His whistle-tooting crowds of supporters are dwindling. His threats against Thai Prime Minister Yingluck Shinawatra veer from the bold to the bizarre. However, behind Thailand’s fiery anti-government protest leader, Suthep Thaugsuban, are two powerful retired generals with palace connections, a deep rivalry with the Shinawatra family and an ability to influence Thailand’s coup-prone armed forces.
The forces behind Suthep are led by former defense minister general Prawit Wongsuwan and former army chief general Anupong Paochinda, towering figures in Thailand’s military establishment, said two military sources with direct knowledge of the matter and a third with connections to Thai generals.
A glimpse into Suthep’s connections sheds light on how he could prevail in a seemingly unlikely bid to oust a leader who won a 2011 election by a landslide and impose rule by an unelected “People’s Council” of appointed “good people,” even as his street rallies start to flag.
Although retired, Anupong, 64, and Prawit, 67, still wield influence in a powerful and highly politicized military that has played a pivotal role in a country that has seen 18 successful or attempted coups in the past 81 years.
It is unclear how far that influence goes, or how decisive they could be. However, both have close ties to army chief General Prayuth Chan-ocha. And all three have a history of enmity with Yingluck’s billionaire brother, former prime minister Thaksin Shinawatra, who they helped oust in a 2006 coup.
The military sources said that if Suthep’s protests lead to violence, the two could help sway the military to intervene or even to seize power on the pretext of national security, allowing Suthep to go ahead with his People’s Council, though analysts say such a scenario appears unlikely in the immediate term.
Anupong and Prayuth served with the Queen’s Guard, an elite unit with greater autonomy from the rest of the military, with its allegiance foremost to the monarchy rather than the direct chain of command, said Paul Chambers, director of research at the Institute of South East Asian Affairs in Chiang Mai, Thailand.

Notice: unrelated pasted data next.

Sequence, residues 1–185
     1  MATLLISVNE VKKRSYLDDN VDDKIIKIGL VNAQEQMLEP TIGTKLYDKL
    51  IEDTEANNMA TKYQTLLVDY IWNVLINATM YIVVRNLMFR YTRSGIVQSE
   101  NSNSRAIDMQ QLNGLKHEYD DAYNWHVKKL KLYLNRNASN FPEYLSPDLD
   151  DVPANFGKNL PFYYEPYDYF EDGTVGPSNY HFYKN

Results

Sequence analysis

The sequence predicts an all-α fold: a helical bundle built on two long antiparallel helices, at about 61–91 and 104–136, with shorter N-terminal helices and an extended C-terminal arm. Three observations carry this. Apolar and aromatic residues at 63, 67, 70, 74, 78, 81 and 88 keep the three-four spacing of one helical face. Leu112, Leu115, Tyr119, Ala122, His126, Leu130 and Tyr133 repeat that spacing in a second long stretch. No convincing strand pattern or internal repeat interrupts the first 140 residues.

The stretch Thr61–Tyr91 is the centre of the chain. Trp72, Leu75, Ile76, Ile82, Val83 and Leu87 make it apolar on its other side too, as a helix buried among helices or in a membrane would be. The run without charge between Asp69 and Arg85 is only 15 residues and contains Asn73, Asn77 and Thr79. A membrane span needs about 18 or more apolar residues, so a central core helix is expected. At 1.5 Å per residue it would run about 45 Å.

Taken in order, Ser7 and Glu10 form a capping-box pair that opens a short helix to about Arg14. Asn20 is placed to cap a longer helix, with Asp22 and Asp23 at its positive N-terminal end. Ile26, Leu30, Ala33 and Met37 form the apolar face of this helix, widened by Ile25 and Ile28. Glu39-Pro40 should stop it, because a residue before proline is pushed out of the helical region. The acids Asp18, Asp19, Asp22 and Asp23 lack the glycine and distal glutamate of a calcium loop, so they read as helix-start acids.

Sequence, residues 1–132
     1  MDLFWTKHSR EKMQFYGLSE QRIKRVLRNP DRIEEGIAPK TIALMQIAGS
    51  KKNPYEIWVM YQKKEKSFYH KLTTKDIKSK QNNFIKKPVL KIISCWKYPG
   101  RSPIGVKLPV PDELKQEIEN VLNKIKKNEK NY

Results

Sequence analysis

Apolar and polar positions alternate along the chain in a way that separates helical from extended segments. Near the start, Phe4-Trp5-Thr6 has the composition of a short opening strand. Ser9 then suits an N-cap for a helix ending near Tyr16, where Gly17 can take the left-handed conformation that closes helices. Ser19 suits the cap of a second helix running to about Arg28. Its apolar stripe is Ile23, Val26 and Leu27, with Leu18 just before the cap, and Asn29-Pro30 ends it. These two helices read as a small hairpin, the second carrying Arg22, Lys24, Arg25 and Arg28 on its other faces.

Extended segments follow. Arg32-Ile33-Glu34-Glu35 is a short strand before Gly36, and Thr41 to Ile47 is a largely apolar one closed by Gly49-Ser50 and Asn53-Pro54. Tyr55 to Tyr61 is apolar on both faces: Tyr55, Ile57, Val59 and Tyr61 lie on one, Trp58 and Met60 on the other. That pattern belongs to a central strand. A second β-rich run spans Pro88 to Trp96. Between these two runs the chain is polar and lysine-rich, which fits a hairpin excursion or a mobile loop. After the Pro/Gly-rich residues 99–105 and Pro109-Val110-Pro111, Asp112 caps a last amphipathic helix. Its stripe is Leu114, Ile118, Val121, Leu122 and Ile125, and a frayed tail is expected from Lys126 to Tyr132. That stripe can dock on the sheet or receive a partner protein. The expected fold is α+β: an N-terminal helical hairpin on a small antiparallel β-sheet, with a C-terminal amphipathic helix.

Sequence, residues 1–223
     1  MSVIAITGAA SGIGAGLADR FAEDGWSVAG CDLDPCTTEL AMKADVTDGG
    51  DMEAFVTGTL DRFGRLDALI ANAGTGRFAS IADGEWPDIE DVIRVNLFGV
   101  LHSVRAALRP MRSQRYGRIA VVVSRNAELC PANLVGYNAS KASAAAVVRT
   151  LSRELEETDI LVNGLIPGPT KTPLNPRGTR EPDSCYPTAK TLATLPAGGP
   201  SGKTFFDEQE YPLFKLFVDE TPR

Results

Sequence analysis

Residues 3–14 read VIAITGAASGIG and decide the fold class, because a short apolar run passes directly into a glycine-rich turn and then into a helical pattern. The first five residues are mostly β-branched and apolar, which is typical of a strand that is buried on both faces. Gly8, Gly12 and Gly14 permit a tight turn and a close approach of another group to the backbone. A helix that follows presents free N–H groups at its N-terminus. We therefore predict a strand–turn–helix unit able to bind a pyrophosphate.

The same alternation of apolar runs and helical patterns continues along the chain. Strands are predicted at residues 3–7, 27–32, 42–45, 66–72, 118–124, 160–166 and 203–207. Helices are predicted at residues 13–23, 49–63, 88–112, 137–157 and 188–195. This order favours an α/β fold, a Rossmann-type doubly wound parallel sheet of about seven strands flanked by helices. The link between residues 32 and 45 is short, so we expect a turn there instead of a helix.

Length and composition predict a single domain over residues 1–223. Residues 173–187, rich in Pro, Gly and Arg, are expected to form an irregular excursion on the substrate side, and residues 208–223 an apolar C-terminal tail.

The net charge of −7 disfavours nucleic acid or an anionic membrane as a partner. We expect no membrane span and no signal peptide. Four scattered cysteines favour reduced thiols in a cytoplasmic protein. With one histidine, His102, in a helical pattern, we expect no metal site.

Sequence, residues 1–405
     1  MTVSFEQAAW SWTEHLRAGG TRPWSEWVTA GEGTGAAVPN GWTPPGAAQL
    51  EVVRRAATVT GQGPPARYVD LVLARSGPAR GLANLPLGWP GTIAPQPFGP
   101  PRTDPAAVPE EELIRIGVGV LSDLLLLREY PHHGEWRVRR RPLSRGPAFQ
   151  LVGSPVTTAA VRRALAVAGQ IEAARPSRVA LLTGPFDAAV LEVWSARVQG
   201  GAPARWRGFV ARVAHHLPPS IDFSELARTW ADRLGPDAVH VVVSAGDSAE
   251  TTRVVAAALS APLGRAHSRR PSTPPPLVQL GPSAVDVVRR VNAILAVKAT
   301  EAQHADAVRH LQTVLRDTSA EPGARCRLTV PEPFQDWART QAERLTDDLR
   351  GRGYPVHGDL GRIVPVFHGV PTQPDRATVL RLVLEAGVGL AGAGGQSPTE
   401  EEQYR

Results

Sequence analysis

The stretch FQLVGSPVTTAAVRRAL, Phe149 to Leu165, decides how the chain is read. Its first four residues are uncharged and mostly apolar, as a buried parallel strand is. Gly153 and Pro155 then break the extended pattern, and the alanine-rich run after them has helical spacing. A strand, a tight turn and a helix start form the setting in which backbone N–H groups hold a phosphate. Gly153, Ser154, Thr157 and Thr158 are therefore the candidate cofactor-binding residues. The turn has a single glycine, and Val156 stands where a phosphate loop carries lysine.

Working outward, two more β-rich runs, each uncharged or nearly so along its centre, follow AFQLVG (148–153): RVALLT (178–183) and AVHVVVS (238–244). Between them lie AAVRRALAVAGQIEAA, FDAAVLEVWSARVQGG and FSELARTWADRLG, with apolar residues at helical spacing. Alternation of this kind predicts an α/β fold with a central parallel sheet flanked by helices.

While most Thais still express steadfast loyalty to 86-year-old King Bhumibol Adulyadej, his throne is seen as entwined with the political forces that removed Thaksin, especially ultra-nationalists who in the past have worn the king’s color of yellow at protests and now back Suthep.
As his reign gradually draws to a close, long-simmering business, political and military rivalries are rising to the surface, forcing Thailand to choose sides between supporters of the Bangkok establishment or those seeking to upend the “status quo” — a constituency associated with Thaksin.
Prawit and Anupong had expressed readiness to intervene if there was a security crisis, such as a crackdown by police on protesters or clashes between pro and anti-government demonstrators, and if Suthep’s plan for an interim government was constitutional, said the source with military connections.
Army leaders say they are neutral in the crisis. However, Tanasak Patimapragorn, supreme commander of the armed forces, will meet on Saturday with Suthep and his allies, who have openly courted violence on Bangkok’s streets in hopes of inducing a military coup or judicial intervention to bring down Yingluck.